Haibun Today
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A Quarterly Journal
Jeffrey Woodward, Editor
Volume 4, Number 4, December 2010



Bruce Ross
Bangor, Maine, USA

 

The Gull's Cry

We are soaked through on our first hike, the last section of the International Appalachian Trail that skirts a long promontory above the Atlantic at the end of Gaspé Peninsula. You could hike from Key West continuously to that point on established trails. The Appalachians, the oldest mountain chain, begin in the Deep South, get to this point, dip into the ocean, onto Newfoundland, another dip, touch down in the British Isles, dip again, and finally rise in Norway. We push up the inclines and avoid the muddy hollows. The overlooks are thick with fog and not another soul on the trail. We are drenched with sweat. A far cry from our hike here several years before in perfect summer weather with the trail’s end clustering with people. We weren’t expecting more than to reach trail’s end and turn around, the flora leached of color, the fauna probably keeping dry. I thought at first it was a warning but perhaps more a bit of a rebuke.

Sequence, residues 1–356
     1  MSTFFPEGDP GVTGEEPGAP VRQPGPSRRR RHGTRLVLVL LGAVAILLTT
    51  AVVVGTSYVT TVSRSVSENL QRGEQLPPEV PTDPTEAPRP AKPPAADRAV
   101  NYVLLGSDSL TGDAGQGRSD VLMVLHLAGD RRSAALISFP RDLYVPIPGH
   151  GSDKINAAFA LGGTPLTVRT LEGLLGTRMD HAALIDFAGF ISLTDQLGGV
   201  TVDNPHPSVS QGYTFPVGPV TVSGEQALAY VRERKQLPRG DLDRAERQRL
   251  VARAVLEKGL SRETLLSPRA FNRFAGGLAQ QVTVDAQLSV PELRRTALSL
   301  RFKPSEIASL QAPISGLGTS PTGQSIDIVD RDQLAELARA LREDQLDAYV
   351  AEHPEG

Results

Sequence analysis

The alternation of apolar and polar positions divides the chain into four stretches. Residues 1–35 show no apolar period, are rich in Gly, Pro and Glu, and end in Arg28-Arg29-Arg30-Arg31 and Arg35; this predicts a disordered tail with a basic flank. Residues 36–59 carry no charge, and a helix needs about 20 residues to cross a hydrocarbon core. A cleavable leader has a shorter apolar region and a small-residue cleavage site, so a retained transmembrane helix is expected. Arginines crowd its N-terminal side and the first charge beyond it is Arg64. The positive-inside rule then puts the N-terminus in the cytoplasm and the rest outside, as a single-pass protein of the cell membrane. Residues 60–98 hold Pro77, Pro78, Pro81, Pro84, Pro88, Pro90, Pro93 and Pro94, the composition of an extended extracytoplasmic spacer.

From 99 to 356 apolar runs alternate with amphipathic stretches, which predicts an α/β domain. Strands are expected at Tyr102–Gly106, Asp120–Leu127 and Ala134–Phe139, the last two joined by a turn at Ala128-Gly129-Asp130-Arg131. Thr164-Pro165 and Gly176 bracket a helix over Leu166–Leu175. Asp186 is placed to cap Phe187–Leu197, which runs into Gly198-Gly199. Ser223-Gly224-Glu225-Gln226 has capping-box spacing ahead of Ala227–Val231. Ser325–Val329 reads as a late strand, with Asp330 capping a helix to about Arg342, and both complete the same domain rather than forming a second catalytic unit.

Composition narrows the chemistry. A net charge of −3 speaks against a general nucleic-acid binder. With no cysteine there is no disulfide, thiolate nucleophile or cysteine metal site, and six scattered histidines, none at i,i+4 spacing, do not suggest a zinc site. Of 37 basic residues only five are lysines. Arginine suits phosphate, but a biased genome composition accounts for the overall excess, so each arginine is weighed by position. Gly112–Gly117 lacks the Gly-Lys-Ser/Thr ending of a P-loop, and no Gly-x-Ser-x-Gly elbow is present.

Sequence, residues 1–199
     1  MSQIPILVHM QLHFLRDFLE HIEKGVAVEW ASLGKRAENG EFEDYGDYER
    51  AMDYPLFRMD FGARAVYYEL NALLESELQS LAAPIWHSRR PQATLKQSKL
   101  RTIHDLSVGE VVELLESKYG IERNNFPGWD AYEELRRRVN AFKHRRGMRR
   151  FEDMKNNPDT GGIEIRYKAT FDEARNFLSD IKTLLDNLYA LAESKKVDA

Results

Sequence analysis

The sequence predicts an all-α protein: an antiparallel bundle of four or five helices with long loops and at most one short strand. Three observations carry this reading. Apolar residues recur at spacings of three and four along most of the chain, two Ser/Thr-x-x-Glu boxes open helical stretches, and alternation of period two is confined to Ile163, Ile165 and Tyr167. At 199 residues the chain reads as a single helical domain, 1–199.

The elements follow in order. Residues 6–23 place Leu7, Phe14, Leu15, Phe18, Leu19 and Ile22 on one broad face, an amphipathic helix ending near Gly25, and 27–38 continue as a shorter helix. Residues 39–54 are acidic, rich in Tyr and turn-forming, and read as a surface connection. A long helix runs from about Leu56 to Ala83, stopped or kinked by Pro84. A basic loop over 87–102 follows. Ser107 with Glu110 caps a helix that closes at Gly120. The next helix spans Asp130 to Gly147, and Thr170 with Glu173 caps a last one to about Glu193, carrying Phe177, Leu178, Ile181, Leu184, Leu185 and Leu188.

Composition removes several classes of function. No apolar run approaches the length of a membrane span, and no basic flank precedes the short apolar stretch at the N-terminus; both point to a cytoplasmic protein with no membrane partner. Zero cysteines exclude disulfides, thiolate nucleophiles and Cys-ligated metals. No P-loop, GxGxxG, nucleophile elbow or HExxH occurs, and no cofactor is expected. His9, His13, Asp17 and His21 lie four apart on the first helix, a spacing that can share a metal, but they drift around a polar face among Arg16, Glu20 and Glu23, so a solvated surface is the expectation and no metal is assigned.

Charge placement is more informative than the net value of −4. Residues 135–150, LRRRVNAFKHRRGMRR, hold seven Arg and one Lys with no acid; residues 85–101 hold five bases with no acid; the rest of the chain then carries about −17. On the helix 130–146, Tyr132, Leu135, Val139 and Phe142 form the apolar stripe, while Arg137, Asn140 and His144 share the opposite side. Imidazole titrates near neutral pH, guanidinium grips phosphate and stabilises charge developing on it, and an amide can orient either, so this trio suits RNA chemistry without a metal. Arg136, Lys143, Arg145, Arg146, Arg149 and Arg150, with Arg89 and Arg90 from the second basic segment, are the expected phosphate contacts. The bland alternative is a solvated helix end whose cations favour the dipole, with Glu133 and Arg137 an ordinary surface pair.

a gull’s cry
browsing on the point
young black bear

end

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